As in recent years, stocks are having their moment in Nigeria. Yet the optimism that fed that trend in 2022 was unusually robust for a year in which that had enough wrecking balls to tip Nigerian stocks southward.
Returning 20 per cent or N4.7 trillion at the sound of the closing bell on Lagos Customs Street on Friday, Nigeria’s main equity index had swum against the trend in the broader global stock market, where equities had shed as much as $18 trillion or over 20 per cent as of 07:00 the same day, according to the MSCI All-Country World Index (ACWI).
MSCI ACWI tracks the performance of roughly 3000 stocks in 48 developed and emerging market countries.
The yield for 2022 compares with that of last year, when Nigerian stocks delivered 6.1 per cent or N471 billion. It is now at least three years in a row that the Nigerian equity market will post positive returns, the biggest being 2020, when it yielded over 50 per cent as the best performing stock index in the world, according to Bloomberg ranking.
Investors’ appetite for stocks took a new turn during the year, catapulting the main equity index to 54,085.3 on 27th May; that was the pinnacle the market had reached in almost 14 years.
“At one point, it was so obvious that stocks have reduced in price to a point as it has not been seen since 2020. It was very obvious at one point that the market would pick up again,” said Damilare Ojo, head of investment research at Meristem Securities in response to a question on what factors drove stock prices.
“There was room for bargain hunting at that point when we saw that sharp decline in price.”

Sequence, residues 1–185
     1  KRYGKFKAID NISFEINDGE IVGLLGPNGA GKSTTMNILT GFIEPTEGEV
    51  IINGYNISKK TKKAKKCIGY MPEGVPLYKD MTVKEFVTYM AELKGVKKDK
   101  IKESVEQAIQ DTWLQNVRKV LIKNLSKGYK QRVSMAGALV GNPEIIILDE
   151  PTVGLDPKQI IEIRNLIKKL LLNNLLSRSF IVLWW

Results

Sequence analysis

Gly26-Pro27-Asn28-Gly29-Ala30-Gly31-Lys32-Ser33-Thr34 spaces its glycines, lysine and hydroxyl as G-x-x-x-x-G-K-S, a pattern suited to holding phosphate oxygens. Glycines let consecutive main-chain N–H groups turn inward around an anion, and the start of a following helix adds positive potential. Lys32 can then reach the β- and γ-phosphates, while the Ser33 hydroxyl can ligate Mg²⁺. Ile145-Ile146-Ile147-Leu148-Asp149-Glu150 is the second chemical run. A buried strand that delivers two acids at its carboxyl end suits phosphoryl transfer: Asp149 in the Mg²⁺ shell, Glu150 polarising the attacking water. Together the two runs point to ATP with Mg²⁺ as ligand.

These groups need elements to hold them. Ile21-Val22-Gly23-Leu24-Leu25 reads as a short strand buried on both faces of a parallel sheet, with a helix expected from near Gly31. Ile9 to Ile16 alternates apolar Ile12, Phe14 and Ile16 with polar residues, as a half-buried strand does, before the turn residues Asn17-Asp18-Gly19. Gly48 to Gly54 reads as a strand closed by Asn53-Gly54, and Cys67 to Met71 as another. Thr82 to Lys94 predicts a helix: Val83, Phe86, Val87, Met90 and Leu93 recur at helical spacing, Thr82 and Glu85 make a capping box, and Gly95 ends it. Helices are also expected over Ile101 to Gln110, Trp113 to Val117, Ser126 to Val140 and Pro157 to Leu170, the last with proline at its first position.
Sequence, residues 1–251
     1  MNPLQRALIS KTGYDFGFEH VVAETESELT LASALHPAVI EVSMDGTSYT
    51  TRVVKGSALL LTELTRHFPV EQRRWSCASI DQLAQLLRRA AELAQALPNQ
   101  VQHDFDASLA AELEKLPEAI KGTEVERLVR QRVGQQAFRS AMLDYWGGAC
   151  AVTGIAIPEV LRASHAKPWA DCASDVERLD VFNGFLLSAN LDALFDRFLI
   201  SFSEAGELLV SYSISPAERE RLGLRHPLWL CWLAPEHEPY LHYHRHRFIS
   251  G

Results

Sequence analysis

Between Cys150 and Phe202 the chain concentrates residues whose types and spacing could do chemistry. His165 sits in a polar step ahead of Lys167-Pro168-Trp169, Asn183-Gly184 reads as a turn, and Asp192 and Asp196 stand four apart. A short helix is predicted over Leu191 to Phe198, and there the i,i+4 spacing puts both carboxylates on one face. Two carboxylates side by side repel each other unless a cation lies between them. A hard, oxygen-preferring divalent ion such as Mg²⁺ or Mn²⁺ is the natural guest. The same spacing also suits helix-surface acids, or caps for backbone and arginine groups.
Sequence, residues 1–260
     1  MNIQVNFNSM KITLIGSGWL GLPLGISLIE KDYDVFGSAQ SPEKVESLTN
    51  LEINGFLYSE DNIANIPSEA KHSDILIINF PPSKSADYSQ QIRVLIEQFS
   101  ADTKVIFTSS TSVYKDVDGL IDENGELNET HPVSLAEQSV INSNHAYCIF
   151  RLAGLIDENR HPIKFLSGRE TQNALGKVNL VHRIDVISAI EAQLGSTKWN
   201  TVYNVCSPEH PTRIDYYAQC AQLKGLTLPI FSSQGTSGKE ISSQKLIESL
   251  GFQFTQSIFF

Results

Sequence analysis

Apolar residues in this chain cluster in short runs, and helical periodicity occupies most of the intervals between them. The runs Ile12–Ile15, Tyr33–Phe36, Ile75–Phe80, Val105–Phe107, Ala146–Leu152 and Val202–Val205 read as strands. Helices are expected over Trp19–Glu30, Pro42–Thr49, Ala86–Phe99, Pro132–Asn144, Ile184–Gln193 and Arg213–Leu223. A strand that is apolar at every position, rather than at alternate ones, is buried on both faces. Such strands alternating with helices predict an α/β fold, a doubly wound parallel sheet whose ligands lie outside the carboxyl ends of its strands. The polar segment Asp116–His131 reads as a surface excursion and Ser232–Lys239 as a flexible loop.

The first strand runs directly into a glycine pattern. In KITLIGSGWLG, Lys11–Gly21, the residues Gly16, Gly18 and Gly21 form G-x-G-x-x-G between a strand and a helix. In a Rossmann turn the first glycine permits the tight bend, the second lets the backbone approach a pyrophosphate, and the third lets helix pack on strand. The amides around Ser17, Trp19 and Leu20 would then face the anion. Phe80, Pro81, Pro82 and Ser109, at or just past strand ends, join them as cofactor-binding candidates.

That the Nigerian stock market had a remarkable outing in the year Bloomberg described as the “worst for stocks and bonds in more and decade” seems to be a testament to its potential to withstand fiercely stormy days and muster domestic participation at a time the inflow of foreign investors dollars has thinned to a mere trickle.
Foreign participation in the market has been on an implacable decline since 2018, when foreigners constituted 50.7 per cent of the total transaction value. That proportion fell to as low as 16.7 per cent in the year to November, according to data from the Domestic & Foreign Portfolio Investment Report of Nigerian Exchange (NGX) Limited.
Nigeria’s foreign portfolio investment was as high as 57.5 per cent in 2014, but the bugbear of dollar scarcity has been keeping international investors at bay from the market in recent years as they fear the country’s forex crisis could make their investments difficult to redeem. But that is just one aspect of the problem.
Analyts say the refusal of the NGX and stock market watchdog the Securities and Exchange Commission to review the free float rule so as to reduce directors’ shareholding in companies while increasing the proportion of regularly traded shares as a PREMIUM TIMES’ report highlighted last year continues to stand in the way of foreign participation in the market.
Institutional investors often desist from putting their money in stocks with a small free float because they are typically volatile.
With Nigeria heading to the polls in February, portfolio investors from overseas are cautious of ploughing their money in Africa’s largest economy to avert uncertainty.